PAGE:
By Andra Horcea-Milcu

This new paper is part of recent efforts (e.g. Spangenberg et al. 2014) to widen the ecosystem service metaphor in order to encompass the multiple ways in which nature supports human well-being. As I tried to illustrate in more detail here, the evolution of the ecosystem service discourse has roughly followed down the Haines-Young and Potschin ‘cascade’ towards the beneficiaries’ end: their capabilities, agency, interest, power, preferences, inner values, and the totality of social processes influencing the cascade (e.g. the management of the ecosystem services flow). The question of how is human well-being connected to ecosystem services gave rise to new research agendas including issues of co-production by social-ecological systems, equity (e.g. Pascual et al. 2014), benefit distribution and disaggregation of beneficiaries based on various criteria such as gender or location (e.g. Daw 2011). Disaggregation enables studying in more depth patterns of ecosystem services flows, similarly to how a finer scale analysis allows to research different patterns in comparison to a coarse scale approach.

Adept Foundation booklet

Adept Foundation booklet

Disaggregated contributions of ecosystem services to human well-being: a case study from Eastern Europe” explores the unequal distribution of nine provisioning ecosystem services among potential beneficiary groups in Southern Transylvania and the contextual factors that explain this distribution. Data collection was based on group interviews. For analyzing the data we used an informed grounded theory approach operationalized in two iterative cycles of qualitative coding, performed similarly to how I explained here. Initially inspired by Daw et al. 2011 and by the literature on access (Ribot and Peluso 2003), this paper proposes a conceptual model based on six mediating factors that better situate the relation between human well-being and nature’s benefits. The developed model is in line with reflections on the co-production of ecosystem services by various elements and forms of capital pertaining to the social and ecological system (e.g. Palomo et al. 2016, but see also here for a total zoom out).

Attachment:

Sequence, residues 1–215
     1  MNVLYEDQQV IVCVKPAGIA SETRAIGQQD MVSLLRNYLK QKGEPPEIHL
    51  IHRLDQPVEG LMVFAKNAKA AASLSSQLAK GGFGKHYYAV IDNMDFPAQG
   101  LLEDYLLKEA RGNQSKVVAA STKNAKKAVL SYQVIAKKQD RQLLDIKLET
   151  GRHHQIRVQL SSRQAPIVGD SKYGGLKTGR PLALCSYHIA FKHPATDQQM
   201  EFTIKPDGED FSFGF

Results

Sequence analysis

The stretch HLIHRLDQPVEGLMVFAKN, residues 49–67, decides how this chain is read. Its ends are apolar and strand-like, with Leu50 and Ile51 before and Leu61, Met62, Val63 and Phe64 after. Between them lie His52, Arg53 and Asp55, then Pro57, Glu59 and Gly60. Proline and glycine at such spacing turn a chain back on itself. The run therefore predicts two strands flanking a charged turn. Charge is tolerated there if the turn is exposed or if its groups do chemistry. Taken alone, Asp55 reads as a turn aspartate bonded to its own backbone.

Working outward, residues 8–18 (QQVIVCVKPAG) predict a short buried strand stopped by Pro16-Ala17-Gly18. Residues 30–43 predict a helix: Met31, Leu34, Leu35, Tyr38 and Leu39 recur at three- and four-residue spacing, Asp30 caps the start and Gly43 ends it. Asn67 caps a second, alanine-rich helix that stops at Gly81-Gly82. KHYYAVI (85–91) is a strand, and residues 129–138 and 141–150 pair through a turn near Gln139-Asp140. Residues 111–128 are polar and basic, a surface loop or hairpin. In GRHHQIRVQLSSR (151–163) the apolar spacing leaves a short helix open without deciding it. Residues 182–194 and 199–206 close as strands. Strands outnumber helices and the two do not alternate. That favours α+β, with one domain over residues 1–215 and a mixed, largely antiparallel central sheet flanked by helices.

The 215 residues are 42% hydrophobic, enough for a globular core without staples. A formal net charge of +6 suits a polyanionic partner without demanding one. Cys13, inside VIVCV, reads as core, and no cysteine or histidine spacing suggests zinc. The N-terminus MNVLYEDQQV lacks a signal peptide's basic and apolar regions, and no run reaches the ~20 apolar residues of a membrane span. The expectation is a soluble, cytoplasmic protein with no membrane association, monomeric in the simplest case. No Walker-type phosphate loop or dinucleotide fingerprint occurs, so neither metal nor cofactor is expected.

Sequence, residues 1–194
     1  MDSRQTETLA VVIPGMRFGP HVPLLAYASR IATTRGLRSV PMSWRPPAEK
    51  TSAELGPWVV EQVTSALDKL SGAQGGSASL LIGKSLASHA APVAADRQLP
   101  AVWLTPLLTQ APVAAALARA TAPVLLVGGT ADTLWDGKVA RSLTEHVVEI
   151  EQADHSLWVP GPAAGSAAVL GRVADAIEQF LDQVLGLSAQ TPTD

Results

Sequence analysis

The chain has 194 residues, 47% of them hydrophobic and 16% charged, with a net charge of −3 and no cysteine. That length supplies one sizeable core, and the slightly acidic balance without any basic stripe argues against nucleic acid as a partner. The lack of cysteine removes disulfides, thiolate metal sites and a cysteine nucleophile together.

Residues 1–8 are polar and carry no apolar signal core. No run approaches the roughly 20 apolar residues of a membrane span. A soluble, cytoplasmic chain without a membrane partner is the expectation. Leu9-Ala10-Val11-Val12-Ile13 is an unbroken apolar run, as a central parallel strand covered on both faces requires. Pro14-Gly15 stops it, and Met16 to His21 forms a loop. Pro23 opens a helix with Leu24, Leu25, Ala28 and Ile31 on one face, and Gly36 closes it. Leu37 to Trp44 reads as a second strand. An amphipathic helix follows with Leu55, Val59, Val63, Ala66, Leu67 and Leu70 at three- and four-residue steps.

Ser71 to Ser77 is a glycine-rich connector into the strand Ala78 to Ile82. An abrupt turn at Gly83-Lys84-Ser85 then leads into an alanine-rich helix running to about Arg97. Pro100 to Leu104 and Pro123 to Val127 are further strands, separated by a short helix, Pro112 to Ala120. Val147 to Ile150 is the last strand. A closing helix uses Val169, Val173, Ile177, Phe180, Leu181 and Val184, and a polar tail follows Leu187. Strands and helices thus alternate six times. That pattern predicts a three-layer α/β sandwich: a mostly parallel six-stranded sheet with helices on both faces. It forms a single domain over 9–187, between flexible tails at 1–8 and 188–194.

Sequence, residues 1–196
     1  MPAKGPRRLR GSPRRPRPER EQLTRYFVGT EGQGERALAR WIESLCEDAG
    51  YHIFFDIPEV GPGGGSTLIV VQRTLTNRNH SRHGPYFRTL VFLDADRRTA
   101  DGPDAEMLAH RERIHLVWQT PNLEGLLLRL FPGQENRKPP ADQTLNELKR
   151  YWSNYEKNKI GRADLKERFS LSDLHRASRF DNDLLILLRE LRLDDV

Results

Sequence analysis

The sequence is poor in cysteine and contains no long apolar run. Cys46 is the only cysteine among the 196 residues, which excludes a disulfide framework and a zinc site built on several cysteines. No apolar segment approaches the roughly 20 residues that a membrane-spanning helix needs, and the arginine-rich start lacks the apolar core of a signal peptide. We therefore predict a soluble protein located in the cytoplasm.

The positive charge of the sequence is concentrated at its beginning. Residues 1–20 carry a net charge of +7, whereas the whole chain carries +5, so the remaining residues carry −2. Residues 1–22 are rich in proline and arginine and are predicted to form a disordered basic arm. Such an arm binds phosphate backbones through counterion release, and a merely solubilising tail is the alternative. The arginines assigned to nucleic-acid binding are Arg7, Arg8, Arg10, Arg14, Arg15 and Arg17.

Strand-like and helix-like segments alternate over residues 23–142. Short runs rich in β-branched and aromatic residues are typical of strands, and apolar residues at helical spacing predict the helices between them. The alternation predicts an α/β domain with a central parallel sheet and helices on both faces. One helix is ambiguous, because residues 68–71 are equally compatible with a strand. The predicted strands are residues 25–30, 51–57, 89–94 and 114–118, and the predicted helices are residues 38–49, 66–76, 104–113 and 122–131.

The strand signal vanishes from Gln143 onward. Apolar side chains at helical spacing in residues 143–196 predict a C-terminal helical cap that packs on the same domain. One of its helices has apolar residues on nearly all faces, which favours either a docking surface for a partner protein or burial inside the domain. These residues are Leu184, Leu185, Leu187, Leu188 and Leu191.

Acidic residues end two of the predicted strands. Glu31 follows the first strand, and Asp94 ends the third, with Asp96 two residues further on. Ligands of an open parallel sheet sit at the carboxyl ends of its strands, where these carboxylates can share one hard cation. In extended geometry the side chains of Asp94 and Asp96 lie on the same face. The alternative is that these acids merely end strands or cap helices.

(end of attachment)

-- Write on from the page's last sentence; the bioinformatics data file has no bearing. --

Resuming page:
Conceptual model of mediating factors (MMF)

Conceptual model of mediating factors (MMF)

Factor 1 characteristics of the appropriated ecosystem services
We separated the investigated ecosystem services in three categories based on their capacity to generate indirect benefits such as cash income or employment.
Factor 2 policies, formal institutions, and markets
Factor 2 is about the visible institutional and policy contexts shaping the well-being contribution of nature’s services to humans. In our study area, these were frequently associated with the perceived effect of specific policies such as the European Common Agriculture Policy and its agri-environment measures.
Factor 3 social and power relations, and informal institutions
The intricate webs of power, knowledge and social relations among beneficiaries further enhance or block access to ecosystem services benefits.
Factor 4 household decisions and individual contexts